respiratory problems

Coughs are very common, especially during the winter month. So common, in fact, that many people just dismiss them as an annoyance which is likely the result of a lingering cold. This may well be the case, but cough symptoms and wheezing may indicate asthma or other possibly serious respiratory problems. Here are the most usual symptoms of respiratory problems you might want to look out for:

  • Cough┬áThe two types are dry and chesty (the latter produces phlegm - a colorless or yellow/green discharge)
  • Breathlessness (clinical name, dyspnoea). Could be at rest, on exercise, or on lying down. May involve wheezing noise and be worse at certain times
  • Chest pain. Might be mild to severe, sharp or aching, worse on exertion

There are several important respiratory diseases, including asthma, so how does the pattern of symptoms fit the diagnosis? Before we discuss that, if you are worried at any point about the respiratory symptoms you or someone else is experiencing, please do see a doctor as soon as possible. This post is for informational purposes.

Asthma

Asthma has three main characteristics which mark it out from other respiratory diseases:

  • Narrowing of the airways and impeded air flow in and out of the lungs that are reversible with treatment
  • Oversensitivity or 'twitchiness' of the airways
  • Inflammation of the airways and production of lots of mucus which narrows them even more

Asthma is an inflammatory disease and most cases are caused by an allergic response to a trigger like house dust mites, general air pollution or pet dander. Irritants like tobacco smoke can also increase asthma symptoms.

Asthma symptoms include episodic coughing, wheezing, chest tightness, and breathlessness. Recent research has shown that nasal congestion may also be present and is often overlooked as an asthma symptom. These symptoms are often worse early in the morning or last thing at night. Asthma attacks vary widely in their frequency and severity.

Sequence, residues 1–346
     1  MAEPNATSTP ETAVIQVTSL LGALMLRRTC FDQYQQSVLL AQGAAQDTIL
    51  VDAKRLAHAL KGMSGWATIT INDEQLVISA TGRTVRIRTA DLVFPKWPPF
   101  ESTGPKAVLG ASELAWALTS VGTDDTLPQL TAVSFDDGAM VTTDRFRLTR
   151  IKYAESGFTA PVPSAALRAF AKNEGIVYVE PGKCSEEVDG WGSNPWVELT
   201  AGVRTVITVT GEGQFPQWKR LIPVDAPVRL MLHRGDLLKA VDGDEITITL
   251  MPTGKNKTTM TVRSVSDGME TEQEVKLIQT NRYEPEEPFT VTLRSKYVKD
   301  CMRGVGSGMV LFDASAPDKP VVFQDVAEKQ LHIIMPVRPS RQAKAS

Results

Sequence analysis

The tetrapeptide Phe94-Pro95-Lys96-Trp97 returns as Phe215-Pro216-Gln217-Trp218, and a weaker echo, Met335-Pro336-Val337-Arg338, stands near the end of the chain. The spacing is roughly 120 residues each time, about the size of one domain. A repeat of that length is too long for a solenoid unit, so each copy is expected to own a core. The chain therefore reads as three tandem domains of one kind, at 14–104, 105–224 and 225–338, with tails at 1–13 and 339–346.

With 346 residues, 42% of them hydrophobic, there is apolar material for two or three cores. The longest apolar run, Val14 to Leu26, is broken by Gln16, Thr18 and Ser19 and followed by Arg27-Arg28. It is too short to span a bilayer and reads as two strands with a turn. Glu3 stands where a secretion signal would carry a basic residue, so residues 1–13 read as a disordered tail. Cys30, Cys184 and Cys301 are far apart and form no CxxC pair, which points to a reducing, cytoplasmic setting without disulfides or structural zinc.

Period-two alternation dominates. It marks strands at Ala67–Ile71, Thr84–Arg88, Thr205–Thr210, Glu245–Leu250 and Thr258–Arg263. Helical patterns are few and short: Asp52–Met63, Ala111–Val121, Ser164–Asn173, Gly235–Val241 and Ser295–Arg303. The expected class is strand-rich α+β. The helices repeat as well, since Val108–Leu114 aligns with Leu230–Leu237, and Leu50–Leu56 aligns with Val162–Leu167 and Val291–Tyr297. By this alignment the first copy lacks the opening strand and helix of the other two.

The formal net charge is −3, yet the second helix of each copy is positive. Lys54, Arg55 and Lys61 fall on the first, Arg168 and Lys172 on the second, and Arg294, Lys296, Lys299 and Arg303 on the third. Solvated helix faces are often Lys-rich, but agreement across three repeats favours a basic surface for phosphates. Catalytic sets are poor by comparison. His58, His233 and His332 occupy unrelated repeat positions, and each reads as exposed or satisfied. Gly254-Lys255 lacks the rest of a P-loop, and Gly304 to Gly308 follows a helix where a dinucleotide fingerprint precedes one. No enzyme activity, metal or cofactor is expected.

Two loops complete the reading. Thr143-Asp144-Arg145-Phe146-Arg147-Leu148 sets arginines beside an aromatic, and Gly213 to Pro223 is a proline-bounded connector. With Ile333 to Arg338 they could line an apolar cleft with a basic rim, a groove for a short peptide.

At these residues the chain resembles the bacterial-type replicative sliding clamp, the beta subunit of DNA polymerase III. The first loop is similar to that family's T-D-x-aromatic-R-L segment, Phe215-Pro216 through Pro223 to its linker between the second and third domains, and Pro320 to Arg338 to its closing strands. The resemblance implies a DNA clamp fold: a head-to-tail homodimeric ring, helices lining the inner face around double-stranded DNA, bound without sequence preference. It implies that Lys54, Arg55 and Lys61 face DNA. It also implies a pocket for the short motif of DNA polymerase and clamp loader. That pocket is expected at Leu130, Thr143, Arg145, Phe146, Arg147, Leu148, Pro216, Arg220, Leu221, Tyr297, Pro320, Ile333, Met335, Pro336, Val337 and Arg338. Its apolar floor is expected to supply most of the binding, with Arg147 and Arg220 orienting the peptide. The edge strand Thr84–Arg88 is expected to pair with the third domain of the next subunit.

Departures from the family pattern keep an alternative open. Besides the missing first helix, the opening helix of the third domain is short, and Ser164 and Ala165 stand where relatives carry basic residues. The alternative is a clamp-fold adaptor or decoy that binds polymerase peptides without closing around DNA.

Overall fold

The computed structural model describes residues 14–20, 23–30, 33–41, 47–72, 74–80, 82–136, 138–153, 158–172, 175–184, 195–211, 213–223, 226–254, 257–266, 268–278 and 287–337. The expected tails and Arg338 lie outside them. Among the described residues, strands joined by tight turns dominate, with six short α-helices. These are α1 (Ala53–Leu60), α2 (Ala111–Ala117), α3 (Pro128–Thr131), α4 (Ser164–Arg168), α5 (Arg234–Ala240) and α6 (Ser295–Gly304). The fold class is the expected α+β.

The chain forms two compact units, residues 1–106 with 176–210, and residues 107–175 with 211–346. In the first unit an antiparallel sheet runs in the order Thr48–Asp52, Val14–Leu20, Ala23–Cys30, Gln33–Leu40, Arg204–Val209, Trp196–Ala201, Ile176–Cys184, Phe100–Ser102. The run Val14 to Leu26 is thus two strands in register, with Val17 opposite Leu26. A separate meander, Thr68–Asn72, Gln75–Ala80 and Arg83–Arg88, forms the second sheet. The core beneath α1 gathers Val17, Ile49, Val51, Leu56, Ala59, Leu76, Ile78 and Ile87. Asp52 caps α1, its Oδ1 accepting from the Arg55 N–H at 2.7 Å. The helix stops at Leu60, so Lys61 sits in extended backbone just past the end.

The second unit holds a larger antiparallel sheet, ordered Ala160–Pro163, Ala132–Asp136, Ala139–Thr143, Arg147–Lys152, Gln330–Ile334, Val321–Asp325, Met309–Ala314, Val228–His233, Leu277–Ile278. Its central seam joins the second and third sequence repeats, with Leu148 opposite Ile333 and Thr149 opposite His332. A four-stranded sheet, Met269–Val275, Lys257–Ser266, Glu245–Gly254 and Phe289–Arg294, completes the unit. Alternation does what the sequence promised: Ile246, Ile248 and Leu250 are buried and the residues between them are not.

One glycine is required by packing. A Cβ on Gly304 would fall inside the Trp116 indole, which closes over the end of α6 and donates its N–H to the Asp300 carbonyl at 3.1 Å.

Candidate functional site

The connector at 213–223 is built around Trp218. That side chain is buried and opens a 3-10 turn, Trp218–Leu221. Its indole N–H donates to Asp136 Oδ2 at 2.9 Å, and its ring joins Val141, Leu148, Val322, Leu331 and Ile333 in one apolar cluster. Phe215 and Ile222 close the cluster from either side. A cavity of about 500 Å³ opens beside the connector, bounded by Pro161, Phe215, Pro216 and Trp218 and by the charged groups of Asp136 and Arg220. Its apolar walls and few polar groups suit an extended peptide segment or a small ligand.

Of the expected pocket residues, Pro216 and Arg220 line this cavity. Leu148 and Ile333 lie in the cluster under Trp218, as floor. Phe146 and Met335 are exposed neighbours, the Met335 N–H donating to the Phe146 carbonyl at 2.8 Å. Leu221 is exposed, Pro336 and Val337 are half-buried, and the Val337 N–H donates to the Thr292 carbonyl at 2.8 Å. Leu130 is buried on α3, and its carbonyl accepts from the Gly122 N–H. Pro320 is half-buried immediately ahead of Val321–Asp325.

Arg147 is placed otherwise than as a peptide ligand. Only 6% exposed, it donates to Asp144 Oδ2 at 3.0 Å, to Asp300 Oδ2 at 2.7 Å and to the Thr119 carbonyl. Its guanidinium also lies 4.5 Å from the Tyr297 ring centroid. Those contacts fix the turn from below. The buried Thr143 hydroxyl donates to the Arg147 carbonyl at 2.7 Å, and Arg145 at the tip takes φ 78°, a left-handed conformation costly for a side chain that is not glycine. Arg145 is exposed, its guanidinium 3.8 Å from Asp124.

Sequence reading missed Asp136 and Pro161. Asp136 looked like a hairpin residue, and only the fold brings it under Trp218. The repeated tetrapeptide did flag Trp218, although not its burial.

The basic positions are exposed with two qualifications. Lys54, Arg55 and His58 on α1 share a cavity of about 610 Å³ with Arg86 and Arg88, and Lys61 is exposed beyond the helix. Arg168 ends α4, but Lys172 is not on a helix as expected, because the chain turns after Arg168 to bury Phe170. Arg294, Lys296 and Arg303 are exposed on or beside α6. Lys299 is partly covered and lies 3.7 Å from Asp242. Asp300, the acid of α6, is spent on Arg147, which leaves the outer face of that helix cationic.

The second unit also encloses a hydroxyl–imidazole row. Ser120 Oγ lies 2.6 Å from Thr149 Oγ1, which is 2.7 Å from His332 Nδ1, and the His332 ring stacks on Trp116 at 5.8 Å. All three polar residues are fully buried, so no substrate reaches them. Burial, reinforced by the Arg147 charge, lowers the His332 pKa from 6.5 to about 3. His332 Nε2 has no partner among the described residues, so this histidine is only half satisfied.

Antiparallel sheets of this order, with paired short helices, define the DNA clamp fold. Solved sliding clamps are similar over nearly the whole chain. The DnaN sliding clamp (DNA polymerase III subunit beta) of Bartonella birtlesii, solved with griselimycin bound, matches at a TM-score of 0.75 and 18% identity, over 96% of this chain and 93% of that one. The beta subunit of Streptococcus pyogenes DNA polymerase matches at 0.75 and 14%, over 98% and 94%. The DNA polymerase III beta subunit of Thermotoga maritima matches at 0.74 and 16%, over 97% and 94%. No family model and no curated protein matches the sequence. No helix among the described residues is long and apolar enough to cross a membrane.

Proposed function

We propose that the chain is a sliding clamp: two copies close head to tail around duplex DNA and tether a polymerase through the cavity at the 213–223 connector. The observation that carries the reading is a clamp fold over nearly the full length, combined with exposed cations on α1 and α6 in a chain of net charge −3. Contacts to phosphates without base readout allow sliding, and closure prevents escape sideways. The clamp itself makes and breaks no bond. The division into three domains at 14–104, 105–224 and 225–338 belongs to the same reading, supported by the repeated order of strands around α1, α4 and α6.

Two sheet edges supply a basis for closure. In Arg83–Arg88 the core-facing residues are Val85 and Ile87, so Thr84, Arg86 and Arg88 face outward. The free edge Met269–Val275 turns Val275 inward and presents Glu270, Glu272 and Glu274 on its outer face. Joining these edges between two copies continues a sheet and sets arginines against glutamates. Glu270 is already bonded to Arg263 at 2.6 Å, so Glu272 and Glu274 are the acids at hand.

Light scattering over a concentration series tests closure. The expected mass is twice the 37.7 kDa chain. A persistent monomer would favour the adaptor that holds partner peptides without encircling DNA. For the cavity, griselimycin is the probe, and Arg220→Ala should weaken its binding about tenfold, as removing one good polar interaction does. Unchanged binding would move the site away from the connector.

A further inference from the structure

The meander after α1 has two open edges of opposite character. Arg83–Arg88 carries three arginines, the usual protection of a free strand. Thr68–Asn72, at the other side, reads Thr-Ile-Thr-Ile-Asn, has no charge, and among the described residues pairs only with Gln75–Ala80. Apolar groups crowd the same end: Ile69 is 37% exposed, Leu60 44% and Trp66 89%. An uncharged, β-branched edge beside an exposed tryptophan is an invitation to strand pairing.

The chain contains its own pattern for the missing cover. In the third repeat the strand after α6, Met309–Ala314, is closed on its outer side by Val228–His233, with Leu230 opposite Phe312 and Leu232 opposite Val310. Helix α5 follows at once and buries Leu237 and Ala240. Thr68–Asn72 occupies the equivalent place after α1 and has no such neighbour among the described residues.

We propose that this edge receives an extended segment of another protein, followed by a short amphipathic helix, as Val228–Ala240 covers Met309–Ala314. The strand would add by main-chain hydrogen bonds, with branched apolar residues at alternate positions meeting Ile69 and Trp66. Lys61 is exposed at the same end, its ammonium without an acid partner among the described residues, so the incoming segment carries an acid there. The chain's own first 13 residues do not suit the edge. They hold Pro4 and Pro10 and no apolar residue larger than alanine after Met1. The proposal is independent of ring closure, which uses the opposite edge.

Chronic Obstructive Pulmonary Disease (COPD)

COPD is characterised by irreversible lung damage which obstructs breathing out and makes breathing increasingly hard. The progressive nature of COPD distinguishes it from asthma. The main symptom of chronic bronchitis is a chronic cough (sometimes called "smoker's cough") while the main symptom of emphysema is chronic breathlessness. Smoking is a major risk factor for COPD.

Pneumonia

Pneumonia can be caused by a virus (influenza), bacterium (Streptococcus pneumoniae) or fungus (Aspergillus). The under fives and over-65s are most at risk, as are those with weakened immunity. It's also possible to pick up pneumonia from traveling abroad or from faulty air-conditioning (Legionnaire's disease). Symptoms of pneumonia include fever, cough, breathlessness and coughing up blood. Since pneumonia can follow a bout of flu, it's wise to get a flu injection if you are in an at-risk group (for example, if you have asthma).

Lung Cancer

More people die in Europe and the USA from lung cancer than from breast, prostate and colon cancer combined. The disease has a worse outlook than that of many other cancers. The majority of cases of lung cancer are linked to smoking with the risk increasing with the number of cigarettes smoked and the number of years the person has been a smoker. Long-term exposure to urban air pollution, as well as high levels of indoor air pollution, can also cause lung cancer. Symptoms of lung cancer include a worsening cough, coughing up blood, chest pain, hoarseness, breathlessness on exertion and unplanned weight loss.

We began this post with the symptom of a cough and we'll end in the same way. Don't ignore a chronic (more than three weeks) a cough. Yes, it may be the aftermath of a cold, but it might also be something more serious. Also keep in mind that a high-end air purifier can lead to a 90% reduction of dust and air pollution in your home, capturing particulate and gas pollution that otherwise your lung would need to deal with.